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Hash and MAC Algorithms - PowerPoint PPT Presentation

Hash and MAC Algorithms. MD5 in detail Overview of SHA and RIPEMD-160 HMAC. Introduction. There is a general structure used practically in all cryptanalytically srtong hash-function fig. 8.10 analogous to the Feistel cipher as a general structure of block-ciphers

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Hash and MAC Algorithms

MD5 in detail

Overview of SHA and RIPEMD-160

HMAC

• There is a general structure used practically in all cryptanalytically srtong hash-function fig. 8.10

• analogous to the Feistel cipher as a general structure of block-ciphers

• it is safe to base new improved algorithms on a known proven structure

• Developed by Ron Riverst in 1992

• based on MD4 by Ron Riverst 1990 to increase the level of security

• Has been the most widely used and is still in wide use

• The algorithm takes as input a message of arbitrary length and produces a 128-bit message digest

• The input is processed in 512-bit blocks

• Some concerns about the safety of MD5

• brute-force attack: with a 128-bit message digest the birthday attack needs an effort of 264, which can not be considered safe.

• cryptanalytic attacks exist that break MD5 partly. The succes of current attacs is too close to breaking MD5, that from a cryptanalytic point of view it must be considered vulnerable.

• Step 1: Append padding bits

• the message is padded so that its length in bits is 448 mod 512

• Step 2: Append length

• A 64-bit representation of the length of the original message (before padding in step 1) is appended to the message, thus yielding a message that is an integer multiple of 512 bits in length.

• The message is represented as 512-bit blocks Y0, Y1, … ,YL-1 the length of the message being L blocks.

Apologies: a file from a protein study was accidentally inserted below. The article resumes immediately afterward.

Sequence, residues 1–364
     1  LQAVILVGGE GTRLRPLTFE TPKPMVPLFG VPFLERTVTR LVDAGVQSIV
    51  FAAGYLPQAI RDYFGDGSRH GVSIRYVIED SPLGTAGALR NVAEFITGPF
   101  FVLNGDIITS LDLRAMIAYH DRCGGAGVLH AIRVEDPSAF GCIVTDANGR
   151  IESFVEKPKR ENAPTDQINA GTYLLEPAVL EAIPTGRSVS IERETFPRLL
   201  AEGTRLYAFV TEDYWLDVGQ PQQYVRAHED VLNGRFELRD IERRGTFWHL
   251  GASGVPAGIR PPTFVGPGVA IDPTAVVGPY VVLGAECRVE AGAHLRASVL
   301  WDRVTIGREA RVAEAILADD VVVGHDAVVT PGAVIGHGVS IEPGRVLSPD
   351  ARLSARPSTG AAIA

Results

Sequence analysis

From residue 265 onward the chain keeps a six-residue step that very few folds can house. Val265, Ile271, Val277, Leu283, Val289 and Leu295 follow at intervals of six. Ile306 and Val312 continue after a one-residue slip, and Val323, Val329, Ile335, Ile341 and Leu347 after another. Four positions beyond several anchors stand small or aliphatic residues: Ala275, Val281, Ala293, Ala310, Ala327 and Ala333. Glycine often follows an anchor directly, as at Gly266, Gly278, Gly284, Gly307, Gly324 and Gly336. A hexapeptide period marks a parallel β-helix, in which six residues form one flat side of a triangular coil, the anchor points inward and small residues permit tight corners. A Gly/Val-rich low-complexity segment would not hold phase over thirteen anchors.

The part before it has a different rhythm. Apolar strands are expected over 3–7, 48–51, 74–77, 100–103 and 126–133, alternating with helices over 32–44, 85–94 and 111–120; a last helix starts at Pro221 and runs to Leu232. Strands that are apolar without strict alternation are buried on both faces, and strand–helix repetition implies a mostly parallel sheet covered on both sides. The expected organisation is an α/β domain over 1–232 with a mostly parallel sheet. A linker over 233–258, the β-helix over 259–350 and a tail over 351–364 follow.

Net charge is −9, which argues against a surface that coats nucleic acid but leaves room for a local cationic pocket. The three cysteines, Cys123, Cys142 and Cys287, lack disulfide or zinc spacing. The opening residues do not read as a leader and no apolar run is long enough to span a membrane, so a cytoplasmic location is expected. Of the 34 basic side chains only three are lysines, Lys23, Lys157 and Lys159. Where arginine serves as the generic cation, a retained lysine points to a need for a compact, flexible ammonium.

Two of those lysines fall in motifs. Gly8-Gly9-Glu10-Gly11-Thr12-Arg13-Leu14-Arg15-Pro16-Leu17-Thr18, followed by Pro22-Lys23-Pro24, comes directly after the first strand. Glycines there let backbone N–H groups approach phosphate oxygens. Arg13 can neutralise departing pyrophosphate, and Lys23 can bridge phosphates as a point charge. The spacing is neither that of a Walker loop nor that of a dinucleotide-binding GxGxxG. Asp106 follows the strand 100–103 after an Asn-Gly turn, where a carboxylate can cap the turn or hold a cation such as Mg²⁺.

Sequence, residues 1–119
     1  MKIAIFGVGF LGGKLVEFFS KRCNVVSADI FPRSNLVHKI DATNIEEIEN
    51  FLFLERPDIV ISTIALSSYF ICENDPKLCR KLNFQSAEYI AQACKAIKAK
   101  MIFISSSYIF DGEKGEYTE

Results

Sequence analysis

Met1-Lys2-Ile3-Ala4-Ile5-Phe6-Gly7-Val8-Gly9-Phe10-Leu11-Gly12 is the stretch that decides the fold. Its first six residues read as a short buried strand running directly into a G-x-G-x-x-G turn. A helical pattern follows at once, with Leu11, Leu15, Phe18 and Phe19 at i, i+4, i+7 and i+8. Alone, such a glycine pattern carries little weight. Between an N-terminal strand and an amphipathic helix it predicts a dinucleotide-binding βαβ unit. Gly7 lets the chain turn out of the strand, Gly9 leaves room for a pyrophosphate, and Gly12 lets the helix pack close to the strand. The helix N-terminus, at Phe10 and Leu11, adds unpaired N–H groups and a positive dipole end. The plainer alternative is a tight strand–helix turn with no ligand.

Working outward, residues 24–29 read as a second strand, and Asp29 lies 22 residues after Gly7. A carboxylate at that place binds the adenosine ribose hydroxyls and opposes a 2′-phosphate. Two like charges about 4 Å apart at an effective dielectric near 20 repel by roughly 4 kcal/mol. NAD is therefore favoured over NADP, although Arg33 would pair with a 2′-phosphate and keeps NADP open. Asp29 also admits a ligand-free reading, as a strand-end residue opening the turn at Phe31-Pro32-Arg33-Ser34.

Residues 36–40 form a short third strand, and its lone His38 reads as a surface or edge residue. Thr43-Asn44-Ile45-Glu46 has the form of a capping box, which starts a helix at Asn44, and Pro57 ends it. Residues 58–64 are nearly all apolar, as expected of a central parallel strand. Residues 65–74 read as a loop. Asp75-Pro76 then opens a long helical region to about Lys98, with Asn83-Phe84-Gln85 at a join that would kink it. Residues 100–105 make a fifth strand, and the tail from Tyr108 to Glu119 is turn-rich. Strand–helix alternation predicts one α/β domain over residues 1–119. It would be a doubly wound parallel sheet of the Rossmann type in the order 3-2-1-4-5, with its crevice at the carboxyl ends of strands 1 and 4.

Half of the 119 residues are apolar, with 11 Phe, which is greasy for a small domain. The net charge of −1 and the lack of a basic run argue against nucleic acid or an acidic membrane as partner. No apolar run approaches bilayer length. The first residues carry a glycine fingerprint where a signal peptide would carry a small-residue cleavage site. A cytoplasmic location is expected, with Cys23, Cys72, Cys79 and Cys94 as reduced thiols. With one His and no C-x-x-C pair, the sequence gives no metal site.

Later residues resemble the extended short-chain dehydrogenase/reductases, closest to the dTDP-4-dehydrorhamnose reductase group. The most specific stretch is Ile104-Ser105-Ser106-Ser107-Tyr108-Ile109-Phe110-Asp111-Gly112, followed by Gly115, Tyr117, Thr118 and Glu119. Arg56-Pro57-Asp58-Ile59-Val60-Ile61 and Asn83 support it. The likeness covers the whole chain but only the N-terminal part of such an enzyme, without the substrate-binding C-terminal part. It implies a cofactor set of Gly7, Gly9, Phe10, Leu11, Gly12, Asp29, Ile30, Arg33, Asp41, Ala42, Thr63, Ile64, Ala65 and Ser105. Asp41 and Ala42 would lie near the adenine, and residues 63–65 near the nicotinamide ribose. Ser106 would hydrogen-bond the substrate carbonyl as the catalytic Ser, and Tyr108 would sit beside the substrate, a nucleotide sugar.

• The length of the message is an integer multiple of 16 32-bit words. Thus N=16*L.

• Step 3: Initialize MD buffer

• a 128-bit buffer is used to hold the intermediate and final value of the message digest.

• this MD buffer is represented as four 32-bit registers (A,B,C,D), wich are initialized with A=67452301, B=EFCDAB89, C=98BADCFE and D=10325476 in hexadecimal values.

• Step 4: Process message in 512-bit blocks:

• The core of the algorithm is a compression function consisting of four ”rounds” of processing. The module is labeled HMD5 in fig. 9.1. and its inner logic is shown in fig. 9.2.

• The four rounds have a similar structure, but each uses a different primitive logical function, referred as F, G, H and I.

• The input of each round is the 512-bit block being processed Yq and the four register values (A,B,C,D) of the MD buffer.

• Also each round uses one-fourth of a table T[1...64] containing a randomized set 32-bit patterns. The goal of this table is to eliminate any regularities in the input data.

• As a result each round updates the four register values (A,B,C,D) of the MD buffer. The register values is the output of the round.

• The output of the fourth round is added to the input of the first round CVq to produce CVq+1. The addition is done independently for each of the four 32-bit words in the buffer in modulo 232.

• Step 5: Output

• After all the L 512-bit blocks have been processed, the output from the Lth stage is the 128-bit message digest.

to summarise:

CV0 = IV

CVq+1= SUM32(CVq, RFI[Yq, RFH[Yq, RFG[Yq, RFF[Yq, CVq]]]] )

MD = CVL.

where

IV = initial value of the ABCD buffer

Yq = the qth 512-block of the message.

L = the number of blocks

CVq= chaining variable processed with the the qth block of the message

RFX= round function using primitive logical function X

MD = final message digest value

SUM32= Addition module 232 performed separatedly on each pair of words of the two inputs.

• Each round consists of a sequence of 16 steps operating on the register buffer (A,B,C,D)

• Each step is has the form:

a  b + (( a + g(b,c,d) + X[k] + T[i] ) <<< s )

where

a,b,c,d = the four words of the buffer, in a specified order that varies from step to step

g = one of the primitive functions F, G, H, I

<<< s = circular left shift (rotation) of the 32-bit argument by s bits.

X[k] = M[q  16  k] = the kth 32-bit word in the qth 512-bit block of the message

T[i] = the ith 32-bit word in matrix T

• The step operation is illustrated in fig 9.3.

• the order in which the four words (a,b,c,d) are used produces a word-level circular right shift of one word for each step.

• Each primive function performs a set of bitwise logical operations, i.e. the nth bit of the output is a function of the three other nth bits in the input words.